Cull Kruger's elephants, say wildlife groups

Seven major conservation and wildlife NGOs in South Africa say culling elephants in the Kruger National Park must be considered.

“As wildlife conservationists we can’t focus on an individual [elephant]. We look at the bigger picture of conservation and biodiversity,” the conservation director at WWF South Africa, Rob Little, told the Mail & Guardian Online on Friday.

A report from the South African National Parks (SANParks) board in July this year proposed culling between 5 000 and 7 000 elephants.
The report said the elephants are damaging the biodiversity of the Kruger National Park.

After the release of the report, a group called Elephants Alive—representing more than 100 wildlife groups in South Africa—was formed to oppose the culling proposal.

Professor Gerhard Verdoorn, director of BirdLife SA, told Afrikaans newspaper Beeld on Friday that there is enough evidence of elephants threatening the Kruger National Park’s biodiversity. 

Other groups that distance themselves from Elephants Alive but agree with SANParks are the Botanical Society of South Africa, the Elephant Managers and Owners Association, the Endangered Wildlife Trust, the Wildlife and Environment Society of South Africa and the Wilderness Foundation.

“[Elephants Alive] say that culling is not an option, full stop. We say that culling must be retained as a short-term option. And yes, this is a difference between conservationists and wildlife organisations [showing here],” said Little.

In a press release, the seven conservation groups say “some elephant populations have grown to such extent that immediate action is necessary” and “current evidence suggests that we do not have the luxury of excessive time delays.”

Following a meeting with Minister of Environmental Affairs and Tourism Marthinus van Schalkwyk on November 28, NGOs, activists and interest groups have had the opportunity to put forward arguments about the proposed elephant culling.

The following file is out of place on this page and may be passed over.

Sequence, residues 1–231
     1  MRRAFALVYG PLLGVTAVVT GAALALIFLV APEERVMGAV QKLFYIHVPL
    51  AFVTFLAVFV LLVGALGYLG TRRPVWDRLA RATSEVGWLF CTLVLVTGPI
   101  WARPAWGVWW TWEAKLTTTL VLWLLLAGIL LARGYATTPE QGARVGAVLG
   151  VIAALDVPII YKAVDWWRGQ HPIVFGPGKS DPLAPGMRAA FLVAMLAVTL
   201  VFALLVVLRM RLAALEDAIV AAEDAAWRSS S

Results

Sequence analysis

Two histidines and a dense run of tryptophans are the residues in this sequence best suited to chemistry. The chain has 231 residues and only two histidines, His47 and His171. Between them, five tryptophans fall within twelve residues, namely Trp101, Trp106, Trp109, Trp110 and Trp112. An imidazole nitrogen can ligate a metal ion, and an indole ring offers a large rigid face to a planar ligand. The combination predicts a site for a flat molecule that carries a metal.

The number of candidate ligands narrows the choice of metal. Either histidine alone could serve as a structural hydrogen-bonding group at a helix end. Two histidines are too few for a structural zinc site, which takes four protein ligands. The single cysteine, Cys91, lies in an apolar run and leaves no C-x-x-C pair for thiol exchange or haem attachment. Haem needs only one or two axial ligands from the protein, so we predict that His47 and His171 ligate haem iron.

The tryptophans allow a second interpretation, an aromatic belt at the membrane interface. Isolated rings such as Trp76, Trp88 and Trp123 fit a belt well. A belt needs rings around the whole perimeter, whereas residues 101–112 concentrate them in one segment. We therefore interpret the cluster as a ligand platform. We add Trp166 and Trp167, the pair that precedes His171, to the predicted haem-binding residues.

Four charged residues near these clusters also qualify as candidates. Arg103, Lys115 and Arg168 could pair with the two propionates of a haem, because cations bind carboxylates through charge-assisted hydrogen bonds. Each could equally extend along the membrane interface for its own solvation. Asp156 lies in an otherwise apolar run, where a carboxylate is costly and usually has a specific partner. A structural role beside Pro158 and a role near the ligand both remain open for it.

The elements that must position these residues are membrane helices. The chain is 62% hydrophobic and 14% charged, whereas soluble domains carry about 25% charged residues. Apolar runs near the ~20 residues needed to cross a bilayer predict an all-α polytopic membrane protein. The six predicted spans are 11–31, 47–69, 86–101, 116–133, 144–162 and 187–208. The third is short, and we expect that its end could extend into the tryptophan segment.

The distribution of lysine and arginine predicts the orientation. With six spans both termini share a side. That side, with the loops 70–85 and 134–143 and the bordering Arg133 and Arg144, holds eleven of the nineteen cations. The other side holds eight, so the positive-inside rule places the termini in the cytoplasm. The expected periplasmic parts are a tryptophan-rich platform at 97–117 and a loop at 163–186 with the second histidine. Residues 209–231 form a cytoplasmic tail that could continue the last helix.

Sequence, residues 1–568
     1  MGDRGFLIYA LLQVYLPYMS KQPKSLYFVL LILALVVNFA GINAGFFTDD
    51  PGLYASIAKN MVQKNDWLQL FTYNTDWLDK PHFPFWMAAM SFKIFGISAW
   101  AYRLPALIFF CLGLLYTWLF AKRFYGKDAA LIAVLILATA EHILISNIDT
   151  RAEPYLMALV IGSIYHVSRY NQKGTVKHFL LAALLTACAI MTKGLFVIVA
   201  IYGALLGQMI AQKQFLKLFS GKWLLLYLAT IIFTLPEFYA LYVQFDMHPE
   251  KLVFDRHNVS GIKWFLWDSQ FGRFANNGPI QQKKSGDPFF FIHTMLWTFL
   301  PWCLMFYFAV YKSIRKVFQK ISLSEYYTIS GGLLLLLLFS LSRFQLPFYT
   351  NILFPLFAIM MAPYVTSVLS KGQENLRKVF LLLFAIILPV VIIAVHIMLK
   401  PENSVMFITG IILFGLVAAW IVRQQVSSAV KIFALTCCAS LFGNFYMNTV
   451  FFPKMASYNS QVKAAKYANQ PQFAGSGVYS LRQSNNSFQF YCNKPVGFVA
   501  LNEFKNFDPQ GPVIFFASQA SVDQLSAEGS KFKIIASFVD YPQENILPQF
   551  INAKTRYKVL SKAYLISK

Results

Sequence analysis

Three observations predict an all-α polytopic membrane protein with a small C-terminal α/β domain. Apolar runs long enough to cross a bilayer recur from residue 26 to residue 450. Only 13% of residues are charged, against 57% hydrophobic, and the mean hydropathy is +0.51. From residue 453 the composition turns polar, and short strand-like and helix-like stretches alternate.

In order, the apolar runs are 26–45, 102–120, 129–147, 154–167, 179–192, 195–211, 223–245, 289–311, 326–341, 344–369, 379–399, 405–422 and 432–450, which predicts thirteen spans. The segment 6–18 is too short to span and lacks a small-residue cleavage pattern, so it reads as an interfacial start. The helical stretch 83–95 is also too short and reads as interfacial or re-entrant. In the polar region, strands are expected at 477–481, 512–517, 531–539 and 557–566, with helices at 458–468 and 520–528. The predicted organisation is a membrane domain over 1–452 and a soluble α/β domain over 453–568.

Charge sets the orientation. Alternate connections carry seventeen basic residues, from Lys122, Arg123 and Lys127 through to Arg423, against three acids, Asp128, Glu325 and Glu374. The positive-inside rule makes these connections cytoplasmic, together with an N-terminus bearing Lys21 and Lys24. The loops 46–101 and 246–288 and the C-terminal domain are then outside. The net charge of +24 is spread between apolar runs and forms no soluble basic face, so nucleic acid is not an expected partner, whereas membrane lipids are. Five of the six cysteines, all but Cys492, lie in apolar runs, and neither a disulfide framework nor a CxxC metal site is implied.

Little said there are two differences between Elephants Alive and WWF SA and the other six conservation groups.

“These seven NGOs are approaching the whole issue of conservation of elephant population. The animal rights groups don’t see culling as an option and dramatise the debate for fund-raising and their own interest.”

Michele Pickover, from Xwe African Wildlife, one of the groups represented by Elephants Alive, told the M&G Online earlier this week: “They [SANParks] have an economic interest. That is, the selling of ivory. South Africa is one of the biggest movers of ivory in Africa.

“They give a spin on it by saying that they give it to the communities; because they ‘benefit from it’. What communities are they talking about and isn’t this a minuscule thing? Rather do contraception. It is more durable, but it obviously doesn’t suit their interest.”

Pickover also argued that there “is no problem with elephants. SANParks had a spin on this. The media covered what they said and now, if you ask someone in the streets, they will say that there are too many elephants. It’s in the national psyche, but not true.

“And they twist it by saying it is better from an ecological perspective, but this is also not true. Other elephants will take the place of the killed ones. Culling is not the solution; it actually adds to the problem.”

The Elephants Alive group could not be reached for new comments on Friday afternoon.

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